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NOAA report says California drought mostly due to natural causes, not global warming
The Washington Post
The build-up of heat-trapping gases in the atmosphere may worsen western droughts in the future, but it is not the principal driver of historic drought afflicting the entire state of California right now, says a major NOAA report. "Natural oceanic and atmospheric patterns" are to blame for the drought, the 42-page report says. Specifically, it highlights a persistent area of high pressure off the West Coast that has blocked rain-bearing storms from coming ashore – which some have dubbed the "ridiculously resilient ridge." The pattern of sea surface temperatures also contributed to the drought, the study says.
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Student probes toxicity of fire-retardant materials in daycares
The Star Phoenix
University of Saskatchewan toxicology student David Saunders has analyzed dust from 20 daycares in the Saskatoon area in Canada to learn whether flame retardant chemicals in foam furniture and children's toys pose a health hazard. Added to fabrics and furniture to increase fire resistance, brominated flame retardants (BFRs) in high concentrations are potentially toxic for human health and very persistent in the environment.
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Audubon's Christmas bird count starts Dec. 14
EarthSky
The Christmas Bird Count is a citizen science project where people head outdoors to count the types and numbers of birds that they see. Scientists use the data from the bird count to assess the health of bird populations. The data are also used to help develop conservation programs that protect bird habitat. To date, over 200 studies published in the scientific literature have used data from the Christmas Bird Count.
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BLOGS, OPINION and COMMENTARIES


Jellification: A sequel to the disappearance of water fleas from Canadian lakes
IEAM Blog
The plenitude of environmental changes currently underway is leading scientists to devise new catchwords for communicating novel, unexpected findings. Think of plastiglomerates, a new type of stone made up of melted plastic and other materials that will likely become part of the rock record. Now, we have "jellification" — very recently conceived to describe the process causing goo balls to wash up on the shores of Canadian lakes.
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MORE NEWS


Fellowship helps UGA student study pharmaceutical pollution in salt marsh estuaries
UGA Today
David Brew, a second-year doctoral student in the University of Georgia College of Public Health, has been awarded a fellowship from the Society of Environmental Toxicology and Chemistry for doctoral research in environmental science as he examines the impacts of pharmaceutical pollution in Georgia's salt marsh estuaries.
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TRENDING ARTICLES
Missed our previous issue? See which articles your colleagues read most.

    Death by dirty water: Storm runoff a risk for fish (The Associated Press via Yahoo)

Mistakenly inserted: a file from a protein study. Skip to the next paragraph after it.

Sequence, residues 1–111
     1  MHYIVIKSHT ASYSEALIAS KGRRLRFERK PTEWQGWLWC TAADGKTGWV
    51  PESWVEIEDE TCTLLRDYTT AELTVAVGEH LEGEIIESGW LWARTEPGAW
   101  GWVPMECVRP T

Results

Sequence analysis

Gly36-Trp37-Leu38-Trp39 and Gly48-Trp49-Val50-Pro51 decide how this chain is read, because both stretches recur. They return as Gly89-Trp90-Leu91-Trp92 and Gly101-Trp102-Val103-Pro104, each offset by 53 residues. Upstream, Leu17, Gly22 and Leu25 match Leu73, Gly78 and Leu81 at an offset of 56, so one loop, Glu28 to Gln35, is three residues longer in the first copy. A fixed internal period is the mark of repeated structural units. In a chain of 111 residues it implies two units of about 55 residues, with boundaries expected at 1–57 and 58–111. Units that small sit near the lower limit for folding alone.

Pharmaceuticals found in water-fish-osprey food web (Science Nutshell)
Survey says! Top PPCP research questions identified by environmental scientists (Integrated Environmental Assessment and Management)
Not quite natural: The science behind pumpkin spice (WBUR-FM)
A lifesaving transplant for coral reefs (The New York Times)

Don't be left behind. Click here to see what else you missed.


A hot coffee culture in Salt Lake City
The New York Times
In a place known more for proximity to powdery ski slopes than perfect espresso pulls, it's easy to assume Salt Lake City couldn't breed advanced coffee geek culture. Yet the high-desert city has become the kind of town where some cafes sell 12 ounces of roasted coffee beans for $50 and teach customers about the benefits of drinking coffee without cream or sugar.
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New research suggests Caribbean gorgonian corals are resistant to ocean acidification
Phys.org
A new study on tropical shallow-water soft corals, known as gorgonians, found that the species were able to calcify and grow under elevated carbon dioxide concentrations. These results suggest that Caribbean gorgonian corals may be more resilient to the ocean acidification levels projected by the end of the 21st century than previously thought.
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Looking for similar articles? Search here, keyword CORALS.


In new drainage projects, long buried urban streams see the light again
National Geographic
On a recent overcast fall morning, Keith Underwood gave National Geographic a tour of what is once again a picturesque stream in the nation's capital. Trees muffled the sound of traffic on 36th Street and Linnean Avenue in Washington D.C., as dragonflies darted overhead, chasing gnats. "This is the first time there's been a stream here in a hundred years," said Underwood, a landscape architect based in Annapolis, Maryland, who was hired by the city to restore the stream in the Rock Creek watershed.
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Colby Horton, Vice President of Publishing, 469.420.2601
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